Foresight: Keeping Up With Industry Trends

More and more, the speed of the changing times requires a near-constant gaze on the future of the industry.

Seeing the need to be proactive by anticipating change, Mike Ganoni further stresses that carriers must be receptive to feedback from their consumers and distributors while being prepared to integrate with partners to meet the shifting demands of payers. “In order for carriers to stay ahead of these consumer trends,” he says, “they need to be agile and look toward other industries to determine what trends to prepare for.”

Dean Del Vecchio echoes Mike’s thoughts: “Forward-thinking insurance carriers are embracing a consumer-centric approach, and customer experience is the key. Leading carriers should work to meet customers where they are and offer solutions that simplify and bring real, tangible value to the relationship.” Dean also suggests finding better ways to understand customers, such as connecting and partnering with other industry innovators and dedicating internal teams specifically to find areas to innovate and improve system performances.

Staying Quick On Your Feet—What is the Answer?

Adopting and integrating new technology solutions into your business is the only viable way to stay relevant as benefits platforms become progressively more vital to the user (and carrier) experience. The primary answer: API-driven connectivity.

“Benefits solutions finally feel like they are entering the digital age,” says Daniel Horowitz, CTO and Co-founder of Smylen. “Behind the scenes much of this is still managed with duct tape, glue, and EDI, but the backend will eventually catch up and move to API as the consumer demands more speed and functionality.”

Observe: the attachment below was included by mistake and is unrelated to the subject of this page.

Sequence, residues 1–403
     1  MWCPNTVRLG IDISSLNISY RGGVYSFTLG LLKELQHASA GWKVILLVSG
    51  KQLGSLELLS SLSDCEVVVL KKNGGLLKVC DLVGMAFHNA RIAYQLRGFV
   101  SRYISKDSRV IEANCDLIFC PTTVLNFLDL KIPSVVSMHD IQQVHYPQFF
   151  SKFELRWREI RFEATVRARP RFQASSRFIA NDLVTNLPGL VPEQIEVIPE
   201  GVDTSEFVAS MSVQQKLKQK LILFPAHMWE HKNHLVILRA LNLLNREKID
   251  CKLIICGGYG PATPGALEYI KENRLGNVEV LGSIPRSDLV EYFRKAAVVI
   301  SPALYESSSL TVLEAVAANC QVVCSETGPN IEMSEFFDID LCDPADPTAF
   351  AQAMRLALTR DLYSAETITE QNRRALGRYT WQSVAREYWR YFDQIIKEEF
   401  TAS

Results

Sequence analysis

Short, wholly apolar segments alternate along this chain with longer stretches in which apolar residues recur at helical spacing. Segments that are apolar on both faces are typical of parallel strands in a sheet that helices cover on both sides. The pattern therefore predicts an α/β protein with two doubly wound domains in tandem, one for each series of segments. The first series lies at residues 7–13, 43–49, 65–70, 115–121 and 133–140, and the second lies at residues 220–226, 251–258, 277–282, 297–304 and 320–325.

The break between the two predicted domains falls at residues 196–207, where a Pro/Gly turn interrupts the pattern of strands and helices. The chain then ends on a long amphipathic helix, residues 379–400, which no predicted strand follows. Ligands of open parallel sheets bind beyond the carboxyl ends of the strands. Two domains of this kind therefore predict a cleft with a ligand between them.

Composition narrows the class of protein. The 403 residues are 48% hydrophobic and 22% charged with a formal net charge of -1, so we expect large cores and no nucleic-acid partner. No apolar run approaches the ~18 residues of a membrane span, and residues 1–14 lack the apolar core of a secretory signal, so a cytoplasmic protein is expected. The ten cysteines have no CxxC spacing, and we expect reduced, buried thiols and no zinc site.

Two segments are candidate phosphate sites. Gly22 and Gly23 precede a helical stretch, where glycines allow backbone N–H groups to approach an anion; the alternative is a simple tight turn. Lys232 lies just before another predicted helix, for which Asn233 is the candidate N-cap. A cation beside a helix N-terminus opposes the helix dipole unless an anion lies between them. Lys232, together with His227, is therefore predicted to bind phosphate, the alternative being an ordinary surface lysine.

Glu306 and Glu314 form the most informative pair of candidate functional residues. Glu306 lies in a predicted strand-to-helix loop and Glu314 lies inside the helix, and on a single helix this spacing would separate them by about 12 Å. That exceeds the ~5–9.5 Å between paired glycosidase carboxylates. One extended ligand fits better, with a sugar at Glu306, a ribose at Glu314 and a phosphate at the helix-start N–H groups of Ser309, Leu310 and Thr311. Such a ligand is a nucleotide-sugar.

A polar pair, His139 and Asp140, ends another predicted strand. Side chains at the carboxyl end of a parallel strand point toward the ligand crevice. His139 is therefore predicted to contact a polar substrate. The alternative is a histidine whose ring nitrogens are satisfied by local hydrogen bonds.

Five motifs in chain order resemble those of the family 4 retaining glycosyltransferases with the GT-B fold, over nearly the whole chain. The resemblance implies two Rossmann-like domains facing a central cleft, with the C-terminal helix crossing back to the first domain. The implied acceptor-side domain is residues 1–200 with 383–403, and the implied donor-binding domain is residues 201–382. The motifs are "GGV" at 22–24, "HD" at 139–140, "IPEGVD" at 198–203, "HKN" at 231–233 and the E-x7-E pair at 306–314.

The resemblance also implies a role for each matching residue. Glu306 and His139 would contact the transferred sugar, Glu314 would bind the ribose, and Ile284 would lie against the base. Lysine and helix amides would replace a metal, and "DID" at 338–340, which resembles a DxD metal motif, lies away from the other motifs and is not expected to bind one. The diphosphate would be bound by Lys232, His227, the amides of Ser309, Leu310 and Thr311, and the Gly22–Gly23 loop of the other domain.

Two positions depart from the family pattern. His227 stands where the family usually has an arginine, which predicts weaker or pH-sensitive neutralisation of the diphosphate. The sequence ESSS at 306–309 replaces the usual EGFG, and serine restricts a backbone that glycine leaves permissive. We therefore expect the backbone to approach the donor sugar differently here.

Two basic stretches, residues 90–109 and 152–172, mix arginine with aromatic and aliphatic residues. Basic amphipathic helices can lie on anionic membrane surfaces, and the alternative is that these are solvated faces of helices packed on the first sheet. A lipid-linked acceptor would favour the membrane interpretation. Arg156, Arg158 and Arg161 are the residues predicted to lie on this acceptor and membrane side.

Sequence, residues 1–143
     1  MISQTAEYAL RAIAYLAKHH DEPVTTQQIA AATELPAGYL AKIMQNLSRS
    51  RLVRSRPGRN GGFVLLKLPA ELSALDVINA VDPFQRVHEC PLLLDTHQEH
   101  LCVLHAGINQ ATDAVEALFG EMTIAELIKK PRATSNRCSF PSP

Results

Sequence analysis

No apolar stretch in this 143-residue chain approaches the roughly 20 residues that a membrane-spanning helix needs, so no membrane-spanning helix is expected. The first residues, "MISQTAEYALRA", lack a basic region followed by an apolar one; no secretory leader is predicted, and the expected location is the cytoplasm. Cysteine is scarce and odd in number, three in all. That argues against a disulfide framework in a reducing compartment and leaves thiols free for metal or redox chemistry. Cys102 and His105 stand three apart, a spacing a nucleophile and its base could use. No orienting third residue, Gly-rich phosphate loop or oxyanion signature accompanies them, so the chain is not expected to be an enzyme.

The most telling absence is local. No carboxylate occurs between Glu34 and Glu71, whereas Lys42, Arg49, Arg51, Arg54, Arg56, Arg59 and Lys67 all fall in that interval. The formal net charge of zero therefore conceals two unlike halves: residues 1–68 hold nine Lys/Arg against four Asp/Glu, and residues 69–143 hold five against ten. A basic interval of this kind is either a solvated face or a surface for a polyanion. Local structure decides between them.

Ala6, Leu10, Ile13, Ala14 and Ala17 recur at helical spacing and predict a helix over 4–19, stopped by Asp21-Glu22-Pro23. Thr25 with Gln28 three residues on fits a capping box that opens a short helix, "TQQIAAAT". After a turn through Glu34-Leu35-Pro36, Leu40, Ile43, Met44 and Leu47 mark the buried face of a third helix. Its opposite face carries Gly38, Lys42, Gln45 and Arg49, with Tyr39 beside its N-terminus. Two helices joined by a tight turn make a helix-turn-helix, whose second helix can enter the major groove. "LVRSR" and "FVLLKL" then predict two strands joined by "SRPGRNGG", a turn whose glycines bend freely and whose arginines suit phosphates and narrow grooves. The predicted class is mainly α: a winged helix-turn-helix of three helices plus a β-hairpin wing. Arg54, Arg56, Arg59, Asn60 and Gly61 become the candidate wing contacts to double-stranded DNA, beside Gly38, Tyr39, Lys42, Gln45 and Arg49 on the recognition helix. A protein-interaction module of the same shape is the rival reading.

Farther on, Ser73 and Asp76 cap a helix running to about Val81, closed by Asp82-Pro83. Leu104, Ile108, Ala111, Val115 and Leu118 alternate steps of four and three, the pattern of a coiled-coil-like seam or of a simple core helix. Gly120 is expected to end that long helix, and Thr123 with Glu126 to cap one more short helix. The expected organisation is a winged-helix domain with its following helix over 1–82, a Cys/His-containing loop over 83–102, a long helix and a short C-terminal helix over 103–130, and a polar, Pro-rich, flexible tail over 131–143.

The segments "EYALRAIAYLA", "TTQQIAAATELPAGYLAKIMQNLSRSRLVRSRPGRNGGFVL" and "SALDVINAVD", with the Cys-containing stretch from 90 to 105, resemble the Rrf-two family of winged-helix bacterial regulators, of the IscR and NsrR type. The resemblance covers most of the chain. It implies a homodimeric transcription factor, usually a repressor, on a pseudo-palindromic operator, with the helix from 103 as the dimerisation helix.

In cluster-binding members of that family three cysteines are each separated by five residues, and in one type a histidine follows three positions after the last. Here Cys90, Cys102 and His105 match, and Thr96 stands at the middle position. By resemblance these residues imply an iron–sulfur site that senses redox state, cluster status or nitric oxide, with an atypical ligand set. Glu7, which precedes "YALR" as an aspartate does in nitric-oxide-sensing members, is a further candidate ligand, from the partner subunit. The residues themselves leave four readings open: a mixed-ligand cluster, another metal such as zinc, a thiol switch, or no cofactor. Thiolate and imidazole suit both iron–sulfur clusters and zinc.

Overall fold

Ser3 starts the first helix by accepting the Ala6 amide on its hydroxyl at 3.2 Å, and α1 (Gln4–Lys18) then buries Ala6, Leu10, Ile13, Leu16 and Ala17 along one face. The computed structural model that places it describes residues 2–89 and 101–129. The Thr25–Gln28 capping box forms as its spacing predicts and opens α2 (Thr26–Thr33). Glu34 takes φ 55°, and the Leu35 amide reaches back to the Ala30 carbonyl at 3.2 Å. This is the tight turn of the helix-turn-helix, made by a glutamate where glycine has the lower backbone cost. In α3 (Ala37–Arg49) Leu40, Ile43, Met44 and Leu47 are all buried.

Patrick Brassil believes the key to meeting modern user expectations is to create a positive insurance experience through the straightforward-yet-powerful interactions APIs provide. “The first step is to create simpler insurance products that members want to use,” he says. “The next step is to build delightful enrollment and claims experiences powered by digital technology. For most insurance companies that will require investing in integrated or centralized systems that make member data available throughout the member journey.”

If designed correctly, APIs unlock access to high-value member data that was previously trapped in files, spurring product innovation, generating new business insights, and enabling more experimentation. They also increase the speed at which benefits administration workflows can be completed, cut down on coverage-impacting errors, and make it simple for new partners on opposite ends of the ecosystem to interact.
In the end, versatile platforms with seamless multi-way connectivity will have an edge over their competitors. That means businesses on both sides of the insurance spectrum will seek out ways to increase their value and stand out amongst the crowd...but they’ll have to be smart when deciding who to partner with and why.

Conclusion: Integration, Accessibility, Capability

The statements shared above make one thing clear: in order to keep up with an evolving insurance ecosystem, APIs should be embraced for their invaluable accuracy, efficiency, and versatility. Without them, the age-old practices of the benefits services of yesterday would be unable to match the growing need for fast and personalized benefits programs. APIs act as both the disruptor and the savior for insurance companies everywhere.